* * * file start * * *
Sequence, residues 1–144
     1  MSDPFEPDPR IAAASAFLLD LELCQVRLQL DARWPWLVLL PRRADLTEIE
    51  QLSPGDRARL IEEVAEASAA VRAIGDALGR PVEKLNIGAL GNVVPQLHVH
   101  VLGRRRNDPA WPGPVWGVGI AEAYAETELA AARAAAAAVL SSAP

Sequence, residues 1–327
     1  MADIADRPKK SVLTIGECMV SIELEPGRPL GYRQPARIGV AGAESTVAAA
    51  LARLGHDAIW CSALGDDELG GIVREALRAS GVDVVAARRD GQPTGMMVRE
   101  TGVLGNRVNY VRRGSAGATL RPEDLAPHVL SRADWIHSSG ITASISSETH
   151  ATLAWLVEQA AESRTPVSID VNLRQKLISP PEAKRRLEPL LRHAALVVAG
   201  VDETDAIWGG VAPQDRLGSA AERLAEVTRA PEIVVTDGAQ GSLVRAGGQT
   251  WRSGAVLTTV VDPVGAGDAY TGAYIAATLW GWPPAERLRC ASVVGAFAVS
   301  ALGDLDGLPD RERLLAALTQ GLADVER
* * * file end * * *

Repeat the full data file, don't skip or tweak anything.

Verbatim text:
Sequence, residues 1–144
     1  MSDPFEPDPR IAAASAFLLD LELCQVRLQL DARWPWLVLL PRRADLTEIE
    51  QLSPGDRARL IEEVAEASAA VRAIGDALGR PVEKLNIGAL GNVVPQLHVH
   101  VLGRRRNDPA WPGPVWGVGI AEAYAETELA AARAAAAAVL SSAP

Sequence, residues 1–327
     1  MADIADRPKK SVLTIGECMV SIELEPGRPL GYRQPARIGV AGAESTVAAA
    51  LARLGHDAIW CSALGDDELG GIVREALRAS GVDVVAARRD GQPTGMMVRE
   101  TGVLGNRVNY VRRGSAGATL RPEDLAPHVL SRADWIHSSG ITASISSETH
   151  ATLAWLVEQA AESRTPVSID VNLRQKLISP PEAKRRLEPL LRHAALVVAG
   201  VDETDAIWGG VAPQDRLGSA AERLAEVTRA PEIVVTDGAQ GSLVRAGGQT
   251  WRSGAVLTTV VDPVGAGDAY TGAYIAATLW GWPPAERLRC ASVVGAFAVS
   301  ALGDLDGLPD RERLLAALTQ GLADVER